From production engineer, I then transitioned into sales, project management, design, marketing and whatever hats I needed to put on for the day. I guess I am a Jackie-of-all-trades. One day I may need to run the machine. The next day I am designing an infographic making our process more relatable.I have been able to grow so much with Fabrisonic. Small companies are awesome because you never get bored, and you are always learning new things. I have been here for almost four years. Going back to start my career in engineering was one of the best things I could have done. Was it easy? No way. Was I angry at the economy because I had a master’s degree and still wasn’t able to find a job? Absolutely. But I learned a lot in the process. How do you set yourself aside from everyone else with the same degree? You can never have too many skills and should NEVER stop learning. You get yourself out of your comfort zone and learn a variety of skills including how to talk to people…in person. In an age of cell phones and computers where websites and emails are the norm, being able to hold a conversation is a lost art. This skill has been invaluable because of being a woman in a male dominated industry where having a technical background is needed to earn respect.
So, I circled back around, growing up with engineers then becoming one; and going into a more business-related role in life has taught me that it is important to being able to communicate on both sides of the fence. Being a Jackie-of-all-trades is not a bad trait because it lets you stand out among the masses to be part of something new and exciting like the world of 3D printing.
Share your thoughts in the Hilary Johnson forum at 3DPB.com.[All photos unless otherwise noted provided by Hilary Johnson]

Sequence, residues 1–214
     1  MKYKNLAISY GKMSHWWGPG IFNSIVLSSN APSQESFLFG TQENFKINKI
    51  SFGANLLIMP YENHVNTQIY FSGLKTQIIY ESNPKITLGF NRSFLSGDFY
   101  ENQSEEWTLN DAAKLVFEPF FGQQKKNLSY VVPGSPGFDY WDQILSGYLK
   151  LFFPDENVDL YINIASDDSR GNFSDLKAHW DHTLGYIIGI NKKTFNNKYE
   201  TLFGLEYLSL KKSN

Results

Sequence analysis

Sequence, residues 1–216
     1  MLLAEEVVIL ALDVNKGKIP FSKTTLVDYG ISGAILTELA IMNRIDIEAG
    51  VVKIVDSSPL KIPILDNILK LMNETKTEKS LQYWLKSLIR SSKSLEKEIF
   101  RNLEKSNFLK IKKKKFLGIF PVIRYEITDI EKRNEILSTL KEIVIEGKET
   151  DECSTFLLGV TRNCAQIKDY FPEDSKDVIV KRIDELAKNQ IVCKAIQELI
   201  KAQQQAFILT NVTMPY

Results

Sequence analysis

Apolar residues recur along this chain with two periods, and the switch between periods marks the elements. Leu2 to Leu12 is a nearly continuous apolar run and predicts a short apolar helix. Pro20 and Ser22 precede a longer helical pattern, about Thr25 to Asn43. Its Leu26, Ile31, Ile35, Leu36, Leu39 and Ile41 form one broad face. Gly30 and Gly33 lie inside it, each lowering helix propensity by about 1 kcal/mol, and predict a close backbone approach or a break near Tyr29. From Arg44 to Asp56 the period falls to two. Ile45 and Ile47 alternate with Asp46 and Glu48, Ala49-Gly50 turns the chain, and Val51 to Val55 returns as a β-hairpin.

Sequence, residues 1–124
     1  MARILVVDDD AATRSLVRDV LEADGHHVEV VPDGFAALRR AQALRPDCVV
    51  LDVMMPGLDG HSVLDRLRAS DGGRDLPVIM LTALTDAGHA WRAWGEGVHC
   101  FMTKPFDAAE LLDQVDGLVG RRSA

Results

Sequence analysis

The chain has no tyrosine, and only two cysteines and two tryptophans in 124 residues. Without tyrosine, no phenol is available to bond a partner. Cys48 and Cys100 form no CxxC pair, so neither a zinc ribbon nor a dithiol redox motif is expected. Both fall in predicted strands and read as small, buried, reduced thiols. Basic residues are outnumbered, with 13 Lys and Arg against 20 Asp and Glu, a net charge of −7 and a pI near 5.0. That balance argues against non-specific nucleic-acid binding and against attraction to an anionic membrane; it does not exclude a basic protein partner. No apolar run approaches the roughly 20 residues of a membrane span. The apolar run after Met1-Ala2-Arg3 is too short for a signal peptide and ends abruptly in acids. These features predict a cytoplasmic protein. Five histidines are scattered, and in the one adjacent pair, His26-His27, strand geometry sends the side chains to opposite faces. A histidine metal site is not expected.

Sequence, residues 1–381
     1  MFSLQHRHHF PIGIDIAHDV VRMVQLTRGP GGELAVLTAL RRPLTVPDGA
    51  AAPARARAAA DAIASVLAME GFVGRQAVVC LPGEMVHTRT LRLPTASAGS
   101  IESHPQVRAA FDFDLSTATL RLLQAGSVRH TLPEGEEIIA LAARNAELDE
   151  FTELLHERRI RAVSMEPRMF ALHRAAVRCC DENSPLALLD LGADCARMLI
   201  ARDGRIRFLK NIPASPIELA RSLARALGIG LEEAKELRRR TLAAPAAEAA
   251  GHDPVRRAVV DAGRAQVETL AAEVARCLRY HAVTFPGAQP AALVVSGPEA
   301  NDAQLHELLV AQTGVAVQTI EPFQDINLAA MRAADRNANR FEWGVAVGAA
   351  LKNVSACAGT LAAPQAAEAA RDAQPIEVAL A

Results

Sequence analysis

Hilary Johnson of Fabrisonic shares her personal story on finding her place in the 3D printing industry as part of our Spotlight on Women series focusing on diversity in additive manufacturing.
If you are interested in sharing your story, or know a woman we should get in touch with for this series, please reach out any time. Send us an email or connect on Twitter. We’re looking forward to sharing more stories about women in 3D printing. Find all the features in this series here.
We are also featuring educators focusing on training and teaching 3D printing skills; see all these features here.
You May Also Like
3 Key Indicators of Great Company Culture
Additive manufacturing is not immune to the thread that binds a team or company together. A thread better known as ‘company culture.’ Each business has one, each one is different....
Hyperganic Raises $7.8M in First Venture Round for AI-Driven 3D Printing
Embarking on a journey to recreate nature’s most complex designs through artificial intelligence (AI) and 3D printing, German company Hyperganic raised $7.8 million in its first venture round on February...
3D Printing Financials: Voxeljet Revenue up 80% since Last Earnings Report, Losses Deepen Year-over-Year
Industrial 3D printer manufacturer voxeljet (Nasdaq: VJET) reported fourth-quarter net losses for 2020 of €3.7 million ($4.3 million) after posting similar losses in the same period a year earlier. The...
3D Printing Financials: SLM Solutions Reports Losses of €30M for 2020, Revenues Up 26%
SLM Solutions (AM3D.DE) reported a €30 million ($35 million) loss for the year ending December 31, 2020, with revenues at €62 million ($73 million) versus €49 million ($58 million) in...
View our broad assortment of in house and third party products.